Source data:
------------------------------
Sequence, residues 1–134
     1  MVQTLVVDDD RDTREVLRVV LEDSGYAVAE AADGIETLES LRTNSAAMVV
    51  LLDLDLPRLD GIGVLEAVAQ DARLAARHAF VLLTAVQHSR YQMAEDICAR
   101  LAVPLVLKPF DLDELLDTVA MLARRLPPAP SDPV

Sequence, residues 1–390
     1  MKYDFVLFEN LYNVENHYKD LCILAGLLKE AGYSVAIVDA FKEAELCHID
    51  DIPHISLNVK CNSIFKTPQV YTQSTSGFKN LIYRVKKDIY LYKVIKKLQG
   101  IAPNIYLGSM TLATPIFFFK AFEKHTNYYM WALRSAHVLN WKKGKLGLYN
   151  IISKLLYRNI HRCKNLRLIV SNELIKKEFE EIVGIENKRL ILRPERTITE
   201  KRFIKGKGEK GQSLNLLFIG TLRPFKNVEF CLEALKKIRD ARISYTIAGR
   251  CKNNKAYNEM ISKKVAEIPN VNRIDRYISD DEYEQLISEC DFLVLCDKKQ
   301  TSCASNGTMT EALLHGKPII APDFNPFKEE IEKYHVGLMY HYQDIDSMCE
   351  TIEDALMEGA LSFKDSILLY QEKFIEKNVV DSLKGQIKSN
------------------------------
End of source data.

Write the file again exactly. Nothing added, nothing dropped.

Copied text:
Sequence, residues 1–134
     1  MVQTLVVDDD RDTREVLRVV LEDSGYAVAE AADGIETLES LRTNSAAMVV
    51  LLDLDLPRLD GIGVLEAVAQ DARLAARHAF VLLTAVQHSR YQMAEDICAR
   101  LAVPLVLKPF DLDELLDTVA MLARRLPPAP SDPV

Sequence, residues 1–390
     1  MKYDFVLFEN LYNVENHYKD LCILAGLLKE AGYSVAIVDA FKEAELCHID
    51  DIPHISLNVK CNSIFKTPQV YTQSTSGFKN LIYRVKKDIY LYKVIKKLQG
   101  IAPNIYLGSM TLATPIFFFK AFEKHTNYYM WALRSAHVLN WKKGKLGLYN
   151  IISKLLYRNI HRCKNLRLIV SNELIKKEFE EIVGIENKRL ILRPERTITE
   201  KRFIKGKGEK GQSLNLLFIG TLRPFKNVEF CLEALKKIRD ARISYTIAGR
   251  CKNNKAYNEM ISKKVAEIPN VNRIDRYISD DEYEQLISEC DFLVLCDKKQ
   301  TSCASNGTMT EALLHGKPII APDFNPFKEE IEKYHVGLMY HYQDIDSMCE
   351  TIEDALMEGA LSFKDSILLY QEKFIEKNVV DSLKGQIKSN